Review: Nidhogg 2 (PS4)

Developed by: Messhof
Published by: Messhof

Inspired by classic Intellivision games from the 1970s, the original Nidhogg aimed to become a title known for its simplicity and elegance. Underneath the simplicity of Nidhogg, though, is an incredibly complex and competitive game. With Nidhogg 2, developer Messhof has attempted to improve the core of the original with new weapons, maps, and improved online multiplayer. However, sometimes simplicity results in a more stable experience, and Nidhogg 2 reflects heavily on this concept.

Nidhogg 2 relies completely on the gameplay established in Messhof’s original title. While the gameplay is easy-to-learn, it can be difficult to explain to those unfamiliar with the subject, so I will do my best to explain. Every battle in Nidhogg involves two players attempting to reach their end of the map. Using various weapons, such as swords and knives, the player must kill their opponent by strategically timing attacks and finding openings. Once either the player or opponent is killed, they can run further along their side of the map, until the other player is re-spawned. This pattern of gameplay is continued until one of the players reaches their end, where they are then eaten by the Nidhogg, a giant worm-like creature taken directly from Norse mythology.

The Nidhogg is always hungry and you get the honor of being its lunch.

The brilliance behind Nidhogg 2’s gameplay is that it’s easy-to-learn, but difficult to master. To start, you only need to know how to move your character (using the D-pad or left analog stick) and how to jump and attack, which are mapped to two separate buttons. As you get into more challenging battles, then you will slowly begin understanding more complex strategies, such as blocking and weapon throwing. Nidhogg 2 is a fast-paced game that will teach you the basics, kick you around a few times, and then teach you how to really play if you can keep up with it. This cycle of learning makes playing Nidhogg 2 a rewarding experience every time you play.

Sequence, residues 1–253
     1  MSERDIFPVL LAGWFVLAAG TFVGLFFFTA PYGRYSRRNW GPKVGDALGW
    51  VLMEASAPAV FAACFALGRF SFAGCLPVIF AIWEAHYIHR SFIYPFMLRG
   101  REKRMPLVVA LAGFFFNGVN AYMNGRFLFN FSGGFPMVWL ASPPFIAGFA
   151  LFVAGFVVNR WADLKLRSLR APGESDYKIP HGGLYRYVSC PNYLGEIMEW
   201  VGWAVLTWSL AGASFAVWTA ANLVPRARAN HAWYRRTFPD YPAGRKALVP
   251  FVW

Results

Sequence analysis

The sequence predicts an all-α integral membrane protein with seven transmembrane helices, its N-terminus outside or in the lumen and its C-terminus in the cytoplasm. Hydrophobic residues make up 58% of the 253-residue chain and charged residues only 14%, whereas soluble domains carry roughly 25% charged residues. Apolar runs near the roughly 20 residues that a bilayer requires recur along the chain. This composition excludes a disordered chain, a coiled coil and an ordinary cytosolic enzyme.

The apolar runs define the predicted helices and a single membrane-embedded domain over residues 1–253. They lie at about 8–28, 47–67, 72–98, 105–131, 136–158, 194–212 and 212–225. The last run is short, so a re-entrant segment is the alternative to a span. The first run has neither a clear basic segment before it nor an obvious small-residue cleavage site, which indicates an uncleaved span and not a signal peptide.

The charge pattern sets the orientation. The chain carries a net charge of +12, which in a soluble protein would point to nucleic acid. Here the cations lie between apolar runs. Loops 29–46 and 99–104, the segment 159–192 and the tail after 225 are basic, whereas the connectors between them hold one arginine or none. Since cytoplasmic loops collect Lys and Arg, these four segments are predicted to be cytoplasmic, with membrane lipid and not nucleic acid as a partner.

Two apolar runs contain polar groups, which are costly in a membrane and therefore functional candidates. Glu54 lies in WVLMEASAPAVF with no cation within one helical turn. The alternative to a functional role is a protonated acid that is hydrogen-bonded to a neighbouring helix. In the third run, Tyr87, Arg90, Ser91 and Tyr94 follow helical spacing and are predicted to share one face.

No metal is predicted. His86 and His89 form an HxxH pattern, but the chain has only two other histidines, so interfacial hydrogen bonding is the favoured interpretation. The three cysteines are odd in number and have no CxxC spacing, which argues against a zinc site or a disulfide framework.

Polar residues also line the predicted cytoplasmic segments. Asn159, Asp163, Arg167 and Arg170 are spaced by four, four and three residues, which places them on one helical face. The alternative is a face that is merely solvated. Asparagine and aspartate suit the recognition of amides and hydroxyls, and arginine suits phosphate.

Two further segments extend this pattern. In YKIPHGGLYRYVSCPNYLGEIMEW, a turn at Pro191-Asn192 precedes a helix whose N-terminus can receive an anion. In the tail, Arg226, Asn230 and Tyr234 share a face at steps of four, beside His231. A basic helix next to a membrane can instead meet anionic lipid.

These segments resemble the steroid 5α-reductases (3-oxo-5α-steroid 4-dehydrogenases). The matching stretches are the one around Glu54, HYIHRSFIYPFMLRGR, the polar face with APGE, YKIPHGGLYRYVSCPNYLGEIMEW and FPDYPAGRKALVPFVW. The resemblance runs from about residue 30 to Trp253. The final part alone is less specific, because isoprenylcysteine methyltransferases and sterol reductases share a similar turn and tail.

Nidhogg 2 provides players with four different weapons, which are randomly generated at the start of each match or re-spawn. You’ll be paired with a rapier, broadsword, dagger, or bow and arrow. Making its return from the original game, the rapier is the most balanced and reliable weapon. Matches featuring only the rapier are typically the most fun, as these matches rely more on patience, wit, and precision, rather than pure luck. The other weapons, especially the bow and arrow, are often unbalanced and lack precision. The bow and arrow is difficult to control, the dagger leaves too many openings, and the broadsword is too heavy at times. This is an instance where Nidhogg 2 forgets its simplistic roots and aims for something that it doesn’t need. While the new weapon additions seem like a logical step forward, some of the additions are questionable. These new weapons are not exactly terrible, but I felt the game lost a bit of its balance after they were introduced.

Speaking of getting away from simplistic roots, I would be damned if I didn’t mention Nidhogg 2’s art direction in more detail. Moving away from the Intellivision palette, Nidhogg 2 is more directly influenced by graphics found in a Sega Genesis-era game. As many have pointed out, the look of the game is, well, kind of gross. But don’t take that as a criticism. In fact, the disgusting nature of Nidhogg 2 adds a lot of character to it. Everything from the character animations, bloody maps, and the wonderful pulsating movements of the Nidhogg as it swoops down for his meal. All of these factors add to the personality of the experience. In this regard, moving away from the simple palette of the original Nidhogg was a rewarding call.